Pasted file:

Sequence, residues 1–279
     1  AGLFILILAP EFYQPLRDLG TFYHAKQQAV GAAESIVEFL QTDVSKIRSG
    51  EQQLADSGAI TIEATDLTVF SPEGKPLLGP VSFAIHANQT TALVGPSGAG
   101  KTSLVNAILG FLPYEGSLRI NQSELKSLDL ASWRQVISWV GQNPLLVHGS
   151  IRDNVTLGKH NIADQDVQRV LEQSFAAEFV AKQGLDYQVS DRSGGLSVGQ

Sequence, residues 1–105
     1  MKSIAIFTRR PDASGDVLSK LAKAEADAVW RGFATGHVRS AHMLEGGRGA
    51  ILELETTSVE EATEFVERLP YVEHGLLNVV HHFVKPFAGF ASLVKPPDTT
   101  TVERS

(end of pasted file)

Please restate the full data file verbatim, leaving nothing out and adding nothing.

Sequence, residues 1–279
     1  AGLFILILAP EFYQPLRDLG TFYHAKQQAV GAAESIVEFL QTDVSKIRSG
    51  EQQLADSGAI TIEATDLTVF SPEGKPLLGP VSFAIHANQT TALVGPSGAG
   101  KTSLVNAILG FLPYEGSLRI NQSELKSLDL ASWRQVISWV GQNPLLVHGS
   151  IRDNVTLGKH NIADQDVQRV LEQSFAAEFV AKQGLDYQVS DRSGGLSVGQ

Sequence, residues 1–105
     1  MKSIAIFTRR PDASGDVLSK LAKAEADAVW RGFATGHVRS AHMLEGGRGA
    51  ILELETTSVE EATEFVERLP YVEHGLLNVV HHFVKPFAGF ASLVKPPDTT
   101  TVERS